Saturday, January 7, 2012
The Arab Spring, the West and Israel
Gubu World is a blog that was set up in 2007 in order to discus global politics with a particular emphasis on the Middle East. I could never have predicted what a momentous year for the Arab World 2011 would be. We all watched in shock as millions thwarted the authorities whose ability to control information and assembly was drastically undermined by the social networking generation. My view throughout all of last year remains the same today which is that the unrest in the region is essentially a good thing. However, given the instability that the revolutions and regime changes have caused I want to do a very important post about what it means for the region, for democracy in the Arab World, for Israeli security and western interests.
A Good Thing
The unrest is a good thing. It is a good thing for democracy and the dignity of man that the Gadaffi, Mubarak and Ben Ali regimes have been overthrown. I said many times on Gubu World last year that the era of the Arab strong man who seizes control of a nation and holds it until his death has come to an end. Of course what replaces this model will be far from a western style pluralist democracy. But what did we really expect. The alternative is likely to be a multi party system that accommodates Islamists, nationalists and democrats. It will have some successes and some failures but the Arab people deserve their shot at democracy. I for one am getting a little tired of reading posts and articles, mainly from the Pro Israeli right, about the "new Egypt" and the "new Libya" where people single out an incident of a backward Islamic practise and use it to invalidate the wider movement against the tyrants of the region.
President Obama is coming under increasing criticism from some in the Republican Party for throwing the Pro Western Mubarak under the bus and jeopardising Western security in the process. Strange really when you consider that during the Bush era the general consensus was that democracy needed to be brought forcefully to the region. Now some of the same people are feeling very uneasy that the Arabs are trying to do it themselves. So what exactly are the legitimate concerns of the decision makers in Washington, London and elsewhere. Obviously the US does not want to see a new government emerge from the turmoil that is anti western and promotes terrorism. But does that give them the right to intervene in order to prevent unrest and preserve a pro western dictatorship? Let us consider the following. I have always argued that during the Cold War covert CIA action in South America to prop up right wing dictators was justifiable because the consequences of inaction potentially included nuclear war. The world survived the Cuban Missile Crisis. It might not have survived a Chilean Missile Crisis. So in my view, in extreme situations the US can and should play God. This raises the crucial question, just how vital is it for the US that Islamists are kept out of power in the Middle East. Is it vital? Yes. But is a matter of life and death for the nation? No.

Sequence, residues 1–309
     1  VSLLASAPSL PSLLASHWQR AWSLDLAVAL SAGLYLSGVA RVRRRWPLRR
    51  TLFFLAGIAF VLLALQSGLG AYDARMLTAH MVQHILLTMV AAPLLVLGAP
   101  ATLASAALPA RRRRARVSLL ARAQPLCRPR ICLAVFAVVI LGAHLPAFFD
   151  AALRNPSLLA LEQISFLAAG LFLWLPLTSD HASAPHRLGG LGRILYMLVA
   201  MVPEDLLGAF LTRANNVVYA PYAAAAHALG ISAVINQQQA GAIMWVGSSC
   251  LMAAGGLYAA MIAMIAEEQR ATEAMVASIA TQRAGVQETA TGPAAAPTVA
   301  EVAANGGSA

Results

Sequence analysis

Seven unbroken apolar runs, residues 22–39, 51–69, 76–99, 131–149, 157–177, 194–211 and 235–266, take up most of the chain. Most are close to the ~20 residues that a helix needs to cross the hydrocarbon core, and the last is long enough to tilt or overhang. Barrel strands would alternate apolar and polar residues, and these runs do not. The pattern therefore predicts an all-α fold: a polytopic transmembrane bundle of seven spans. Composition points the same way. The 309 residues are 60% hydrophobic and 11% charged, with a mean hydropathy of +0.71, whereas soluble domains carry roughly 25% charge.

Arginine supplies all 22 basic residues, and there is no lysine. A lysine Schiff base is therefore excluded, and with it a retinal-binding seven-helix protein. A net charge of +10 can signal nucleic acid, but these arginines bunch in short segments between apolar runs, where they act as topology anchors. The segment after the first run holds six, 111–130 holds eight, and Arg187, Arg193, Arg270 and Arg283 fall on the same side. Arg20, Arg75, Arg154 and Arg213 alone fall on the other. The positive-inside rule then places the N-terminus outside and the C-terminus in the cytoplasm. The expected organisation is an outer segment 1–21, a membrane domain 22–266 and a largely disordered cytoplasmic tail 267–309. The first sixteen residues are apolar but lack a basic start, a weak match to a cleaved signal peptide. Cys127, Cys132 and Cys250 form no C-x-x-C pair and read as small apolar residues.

Keeping the Muslim Brotherhood out of power in Egypt may not be a matter of life and death for America, but it certainly is for Israel. The lesser of two evils scenario that America faced during the Cold War is a situation that Israel finds itself in constantly. Israel seems to go through a Cuban Missile Crisis of some sort every year. But Israel alone does not have the capability to take covert preemptive action to prevent the emergence of an Islamist government. So now the question becomes, just how vital is it for American national Security that Israel be defended? Is it so important that the US should put a stop to the Arab Spring. Some clearly think it is. And after all, if you subscribe to the doctrine, as I do that if Israel falls it would embolden Islamists across the region propelling them to power in every Arab nation and that Europe would be their next target, then you must conclude that the preservation of Israel is a life or death issue for the west as well. However this conundrum must be examined from different angles. Israel is a nation of seven million people. There are 270 million Arabs living across 22 nations. A foreign policy designed to preserve dictatorship in the Arab world so that the seven million inhabitants of Israel can live in safety makes little sense. I suppose the truth is nobody really believes that the White House should have protected Mubarak, not when so much of the discourse over the past decade has been about bringing democracy to the Middle East. In truth, what I am hearing is most likely Republicans grasping at straws when it comes to criticising Obamas Foreign Policy which they will probably privately admit, has been better than expected. However if the Muslim Brotherhood do seize control in Egypt and Islamists look like coming to power in Libya this debate will develop into the most serious dilemma in US Foreign Policy in thirty years. And the question at the center of the dilemma will be, just how important is Israel to America and the west.